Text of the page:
But the central purpose of Buddhism is to alleviate suffering and there is no doubt that these nuns think suffering comes from our thinking, from an out of control mind. And, believe me, I could see and feel my mind run riot almost moment by moment in the four days of not talking and just doing.

On the retreat schedule, every morning after breakfast, we had a walking meditation. Sometimes it was a normal deliberate walk, other times it was as slow as our breathing. We were supposed to be utterly conscious of our bodies as the weight shifts from one foot to another. We were always in a line, always behind the same person.

This morning, Ven Miao Hsi was busy so we had had a new leader, an earnest young nun who was concerned that we looked so nervous. Well, yeah, we were nervous. There seemed to be so many ways to go wrong, so many ways to be "unmindful." She seemed particularly concerned about my furrowed brow. "You seem worried. I can tell by the lines on your face."

I thought: well, I suppose there's botox for that. Unfortunately, I could ever pay someone to inject paralytic toxin into my face so, instead, I choose to think of the deep lines around my mouth as my "smile" lines and the twin vertical lines over my nose as my "thought plumes." On my sane days, I'm even rather proud of those. But the collision of all of these present moment-by-moment rules with my people-pleasing performance anxiety and churning storytelling brain was eye-opening. I hadn’t considered the extent to which I fundamentally operate from “I think, therefore I am.”

If thinking is the source of suffering, (which it’s pretty hard to argue it isn’t) I think I embrace suffering. In fact, I might go even one step further: I can’t think of a lesson I’ve learned in my life that was worth anything that I learned without suffering. I mean, would I be on this retreat if I didn't believe in the value of suffering?

Well, maybe there is one.

When I gave birth to my sons, I learned I was capable of sustained, unconditional love. I suppose some might argue there was suffering involved, physical and structural life changes, but I can’t call any of it that. Although sitting here right now in front of this keyboard, I can go into the future, the future when, if I’ve done the job right, my boys will leave without a thought for their independent lives and, yes, I will suffer then. I can weep right now, thinking about it.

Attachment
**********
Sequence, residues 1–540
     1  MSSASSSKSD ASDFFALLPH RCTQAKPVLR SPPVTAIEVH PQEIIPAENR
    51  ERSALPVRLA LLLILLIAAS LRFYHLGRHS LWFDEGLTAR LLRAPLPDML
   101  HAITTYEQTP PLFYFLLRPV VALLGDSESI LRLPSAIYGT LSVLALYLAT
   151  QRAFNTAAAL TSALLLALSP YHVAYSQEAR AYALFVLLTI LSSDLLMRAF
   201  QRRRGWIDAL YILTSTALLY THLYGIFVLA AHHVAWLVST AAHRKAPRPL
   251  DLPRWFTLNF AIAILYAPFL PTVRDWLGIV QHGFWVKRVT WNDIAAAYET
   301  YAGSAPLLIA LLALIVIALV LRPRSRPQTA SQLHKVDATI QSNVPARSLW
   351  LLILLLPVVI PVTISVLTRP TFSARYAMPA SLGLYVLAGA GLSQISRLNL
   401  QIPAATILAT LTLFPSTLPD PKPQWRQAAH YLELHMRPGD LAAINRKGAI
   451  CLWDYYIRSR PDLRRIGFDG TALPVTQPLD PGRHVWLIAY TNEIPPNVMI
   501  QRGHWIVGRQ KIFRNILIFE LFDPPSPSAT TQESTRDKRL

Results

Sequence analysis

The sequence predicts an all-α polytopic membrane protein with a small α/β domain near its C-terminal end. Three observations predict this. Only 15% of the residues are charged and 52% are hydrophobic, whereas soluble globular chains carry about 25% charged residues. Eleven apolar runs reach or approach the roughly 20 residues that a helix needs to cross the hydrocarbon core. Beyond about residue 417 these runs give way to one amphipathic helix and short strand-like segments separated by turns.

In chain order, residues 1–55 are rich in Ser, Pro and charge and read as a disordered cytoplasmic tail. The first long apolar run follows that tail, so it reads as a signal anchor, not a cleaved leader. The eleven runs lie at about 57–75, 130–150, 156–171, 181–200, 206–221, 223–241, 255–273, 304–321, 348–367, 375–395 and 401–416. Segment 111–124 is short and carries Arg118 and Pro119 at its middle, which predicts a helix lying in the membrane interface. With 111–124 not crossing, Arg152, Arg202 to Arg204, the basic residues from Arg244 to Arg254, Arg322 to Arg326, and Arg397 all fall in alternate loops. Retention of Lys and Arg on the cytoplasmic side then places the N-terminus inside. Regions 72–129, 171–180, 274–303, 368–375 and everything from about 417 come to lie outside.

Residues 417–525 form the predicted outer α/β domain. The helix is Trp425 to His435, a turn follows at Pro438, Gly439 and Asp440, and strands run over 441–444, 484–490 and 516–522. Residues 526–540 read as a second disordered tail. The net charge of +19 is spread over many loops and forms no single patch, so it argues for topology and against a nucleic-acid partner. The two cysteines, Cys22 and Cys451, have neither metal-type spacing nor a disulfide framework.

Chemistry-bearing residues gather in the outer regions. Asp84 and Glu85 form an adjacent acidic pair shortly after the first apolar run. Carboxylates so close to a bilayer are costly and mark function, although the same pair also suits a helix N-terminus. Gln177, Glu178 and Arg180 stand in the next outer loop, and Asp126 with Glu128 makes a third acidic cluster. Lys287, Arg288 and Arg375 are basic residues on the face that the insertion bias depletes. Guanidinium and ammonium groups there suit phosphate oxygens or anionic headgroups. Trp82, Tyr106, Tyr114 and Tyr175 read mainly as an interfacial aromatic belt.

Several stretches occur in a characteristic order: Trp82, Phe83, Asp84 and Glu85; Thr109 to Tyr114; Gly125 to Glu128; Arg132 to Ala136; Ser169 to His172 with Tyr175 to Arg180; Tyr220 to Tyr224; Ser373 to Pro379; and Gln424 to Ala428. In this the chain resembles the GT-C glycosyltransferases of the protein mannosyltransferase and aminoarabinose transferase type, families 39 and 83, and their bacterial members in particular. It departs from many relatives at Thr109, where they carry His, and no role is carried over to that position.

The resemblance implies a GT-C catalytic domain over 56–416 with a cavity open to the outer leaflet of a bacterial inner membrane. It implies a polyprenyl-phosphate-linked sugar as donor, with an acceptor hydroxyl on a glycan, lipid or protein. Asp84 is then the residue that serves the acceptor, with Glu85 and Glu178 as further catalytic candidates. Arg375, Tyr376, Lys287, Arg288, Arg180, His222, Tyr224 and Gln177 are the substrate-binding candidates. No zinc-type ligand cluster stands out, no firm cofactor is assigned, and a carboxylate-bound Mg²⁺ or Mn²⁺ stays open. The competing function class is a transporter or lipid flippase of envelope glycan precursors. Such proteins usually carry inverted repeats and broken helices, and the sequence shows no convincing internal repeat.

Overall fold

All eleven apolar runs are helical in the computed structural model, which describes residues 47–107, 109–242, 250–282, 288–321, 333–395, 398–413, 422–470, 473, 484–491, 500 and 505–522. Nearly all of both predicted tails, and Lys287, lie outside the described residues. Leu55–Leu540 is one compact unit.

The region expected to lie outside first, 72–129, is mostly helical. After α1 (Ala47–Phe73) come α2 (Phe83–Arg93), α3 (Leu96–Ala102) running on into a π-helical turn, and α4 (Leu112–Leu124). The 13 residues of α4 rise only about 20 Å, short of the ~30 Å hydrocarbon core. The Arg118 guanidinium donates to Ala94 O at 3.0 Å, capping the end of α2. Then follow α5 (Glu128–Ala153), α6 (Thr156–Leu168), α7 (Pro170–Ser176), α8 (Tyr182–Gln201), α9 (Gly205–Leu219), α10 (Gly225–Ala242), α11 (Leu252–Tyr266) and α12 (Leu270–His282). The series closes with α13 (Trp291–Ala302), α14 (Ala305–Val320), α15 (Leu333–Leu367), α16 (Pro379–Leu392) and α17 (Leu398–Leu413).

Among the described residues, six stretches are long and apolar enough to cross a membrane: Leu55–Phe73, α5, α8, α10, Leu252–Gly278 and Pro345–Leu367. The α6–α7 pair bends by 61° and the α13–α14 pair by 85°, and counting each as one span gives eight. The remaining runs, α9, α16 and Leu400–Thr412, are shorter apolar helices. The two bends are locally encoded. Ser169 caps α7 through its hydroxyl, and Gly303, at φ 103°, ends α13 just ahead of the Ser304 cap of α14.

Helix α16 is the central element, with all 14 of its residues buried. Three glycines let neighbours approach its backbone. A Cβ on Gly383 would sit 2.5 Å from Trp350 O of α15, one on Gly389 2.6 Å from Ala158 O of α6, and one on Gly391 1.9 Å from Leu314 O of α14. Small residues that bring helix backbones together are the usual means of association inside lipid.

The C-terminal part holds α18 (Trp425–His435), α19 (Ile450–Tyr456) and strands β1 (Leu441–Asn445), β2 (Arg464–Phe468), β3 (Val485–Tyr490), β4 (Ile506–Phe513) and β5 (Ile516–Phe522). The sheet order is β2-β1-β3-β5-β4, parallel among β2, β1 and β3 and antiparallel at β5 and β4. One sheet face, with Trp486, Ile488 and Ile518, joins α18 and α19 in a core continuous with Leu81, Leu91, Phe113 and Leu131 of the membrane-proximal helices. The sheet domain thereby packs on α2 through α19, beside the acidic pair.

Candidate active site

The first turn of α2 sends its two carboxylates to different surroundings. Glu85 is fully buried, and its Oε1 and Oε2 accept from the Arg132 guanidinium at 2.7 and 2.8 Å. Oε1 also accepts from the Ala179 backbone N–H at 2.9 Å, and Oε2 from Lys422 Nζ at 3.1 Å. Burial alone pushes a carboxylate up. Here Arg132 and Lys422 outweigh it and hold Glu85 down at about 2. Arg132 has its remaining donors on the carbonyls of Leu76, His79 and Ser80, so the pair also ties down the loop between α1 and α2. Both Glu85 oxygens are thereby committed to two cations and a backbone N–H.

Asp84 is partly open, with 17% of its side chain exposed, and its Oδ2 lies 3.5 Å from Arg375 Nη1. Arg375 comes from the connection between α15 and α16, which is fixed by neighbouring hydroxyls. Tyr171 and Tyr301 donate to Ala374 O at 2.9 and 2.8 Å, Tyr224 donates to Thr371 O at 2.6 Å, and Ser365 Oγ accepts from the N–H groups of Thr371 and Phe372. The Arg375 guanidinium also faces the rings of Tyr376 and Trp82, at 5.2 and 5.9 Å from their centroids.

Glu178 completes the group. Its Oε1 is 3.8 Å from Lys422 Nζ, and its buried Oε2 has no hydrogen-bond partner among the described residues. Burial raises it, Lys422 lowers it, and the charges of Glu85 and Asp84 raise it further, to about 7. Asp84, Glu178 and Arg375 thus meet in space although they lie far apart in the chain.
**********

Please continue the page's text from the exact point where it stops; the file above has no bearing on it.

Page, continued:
Is this evidence of the damage thought can do? Is this an example of how not being where you are, where your body is at this moment, can saddle life with unnecessary pain, wiping out present joy?

“Anyone can be a Buddha,” the shorn nun said. “All sentient beings are equal. No one is more likely than anyone else.” We just have to come to know that, to be able to see this “precious pearl” we all have hiding under the muck of our greed, anger and ignorance. And this “compassionate” stress on being present in the here and now is meant to help us see everything that we contribute to our own muck.

One of the Venerables asked if we thought our life was tough, if we thought this retreat was tough. “Easy or tough, depends on your mind. Happiness and suffering all come and go. Nothing is permanent.”

Not even this retreat.

11 July 2007


Silence is a powerful force. It changes your brain.

The retreat had been, by no means, a meditation retreat (we'd only done that twice for less than an hour each time) and we'd sat through a couple of lectures a day but, aside from two group meetings, none of us were supposed to talk. Ever. Not in our rooms, certainly not at meals, not even on bathroom breaks or while we worked together in the afternoons on our assigned chores. (Our group mopped marble, vacuumed the long red indoor/outdoor carpet; cleaned the office windows, sills and ledges.)

So, when our gray-suited line opened the dining room door to leave the silent hall and found ourselves in a parted sea of regular folks - dads in plaid shirts, moms holding their small children back, a cacophonous school group eager to get in to eat, their voices caroming from marble floor to cement ceiling and back, all curious to get a gander at us as we streamed by without looking at them -- the sound, the energy was overwhelming.